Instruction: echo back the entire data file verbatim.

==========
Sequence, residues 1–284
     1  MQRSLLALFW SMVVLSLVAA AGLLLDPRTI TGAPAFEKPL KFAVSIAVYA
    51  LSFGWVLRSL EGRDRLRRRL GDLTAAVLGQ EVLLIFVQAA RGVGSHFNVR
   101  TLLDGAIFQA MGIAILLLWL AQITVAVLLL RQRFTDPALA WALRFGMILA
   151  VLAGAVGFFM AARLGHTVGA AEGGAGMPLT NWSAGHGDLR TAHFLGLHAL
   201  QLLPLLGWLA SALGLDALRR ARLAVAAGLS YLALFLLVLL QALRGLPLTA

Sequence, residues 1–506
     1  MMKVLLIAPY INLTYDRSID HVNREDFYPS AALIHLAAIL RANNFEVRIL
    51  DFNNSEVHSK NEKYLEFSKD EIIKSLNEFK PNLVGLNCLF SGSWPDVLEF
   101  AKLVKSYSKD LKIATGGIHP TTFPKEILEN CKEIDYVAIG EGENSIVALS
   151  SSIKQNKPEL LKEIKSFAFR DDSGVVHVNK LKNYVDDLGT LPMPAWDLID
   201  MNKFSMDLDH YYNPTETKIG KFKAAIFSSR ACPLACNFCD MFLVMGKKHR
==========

Sequence, residues 1–284
     1  MQRSLLALFW SMVVLSLVAA AGLLLDPRTI TGAPAFEKPL KFAVSIAVYA
    51  LSFGWVLRSL EGRDRLRRRL GDLTAAVLGQ EVLLIFVQAA RGVGSHFNVR
   101  TLLDGAIFQA MGIAILLLWL AQITVAVLLL RQRFTDPALA WALRFGMILA
   151  VLAGAVGFFM AARLGHTVGA AEGGAGMPLT NWSAGHGDLR TAHFLGLHAL
   201  QLLPLLGWLA SALGLDALRR ARLAVAAGLS YLALFLLVLL QALRGLPLTA

Sequence, residues 1–506
     1  MMKVLLIAPY INLTYDRSID HVNREDFYPS AALIHLAAIL RANNFEVRIL
    51  DFNNSEVHSK NEKYLEFSKD EIIKSLNEFK PNLVGLNCLF SGSWPDVLEF
   101  AKLVKSYSKD LKIATGGIHP TTFPKEILEN CKEIDYVAIG EGENSIVALS
   151  SSIKQNKPEL LKEIKSFAFR DDSGVVHVNK LKNYVDDLGT LPMPAWDLID
   201  MNKFSMDLDH YYNPTETKIG KFKAAIFSSR ACPLACNFCD MFLVMGKKHR